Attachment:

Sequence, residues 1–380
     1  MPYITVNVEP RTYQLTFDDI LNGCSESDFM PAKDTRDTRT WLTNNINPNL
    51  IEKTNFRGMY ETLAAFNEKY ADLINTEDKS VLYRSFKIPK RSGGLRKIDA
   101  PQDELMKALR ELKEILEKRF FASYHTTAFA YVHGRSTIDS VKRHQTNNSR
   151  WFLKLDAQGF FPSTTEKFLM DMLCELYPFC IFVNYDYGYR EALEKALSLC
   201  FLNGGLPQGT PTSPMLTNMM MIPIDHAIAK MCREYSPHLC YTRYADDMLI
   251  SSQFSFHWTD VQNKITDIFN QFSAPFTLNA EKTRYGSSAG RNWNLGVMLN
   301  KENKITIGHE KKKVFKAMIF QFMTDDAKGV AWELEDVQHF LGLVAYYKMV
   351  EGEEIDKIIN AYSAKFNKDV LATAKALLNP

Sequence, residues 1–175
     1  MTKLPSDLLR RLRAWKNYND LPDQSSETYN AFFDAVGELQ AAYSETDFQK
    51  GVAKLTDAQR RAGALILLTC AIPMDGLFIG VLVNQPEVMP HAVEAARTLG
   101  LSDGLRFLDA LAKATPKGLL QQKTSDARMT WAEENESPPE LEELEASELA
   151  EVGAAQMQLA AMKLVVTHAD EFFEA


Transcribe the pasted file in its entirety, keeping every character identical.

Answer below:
Sequence, residues 1–380
     1  MPYITVNVEP RTYQLTFDDI LNGCSESDFM PAKDTRDTRT WLTNNINPNL
    51  IEKTNFRGMY ETLAAFNEKY ADLINTEDKS VLYRSFKIPK RSGGLRKIDA
   101  PQDELMKALR ELKEILEKRF FASYHTTAFA YVHGRSTIDS VKRHQTNNSR
   151  WFLKLDAQGF FPSTTEKFLM DMLCELYPFC IFVNYDYGYR EALEKALSLC
   201  FLNGGLPQGT PTSPMLTNMM MIPIDHAIAK MCREYSPHLC YTRYADDMLI
   251  SSQFSFHWTD VQNKITDIFN QFSAPFTLNA EKTRYGSSAG RNWNLGVMLN
   301  KENKITIGHE KKKVFKAMIF QFMTDDAKGV AWELEDVQHF LGLVAYYKMV
   351  EGEEIDKIIN AYSAKFNKDV LATAKALLNP

Sequence, residues 1–175
     1  MTKLPSDLLR RLRAWKNYND LPDQSSETYN AFFDAVGELQ AAYSETDFQK
    51  GVAKLTDAQR RAGALILLTC AIPMDGLFIG VLVNQPEVMP HAVEAARTLG
   101  LSDGLRFLDA LAKATPKGLL QQKTSDARMT WAEENESPPE LEELEASELA
   151  EVGAAQMQLA AMKLVVTHAD EFFEA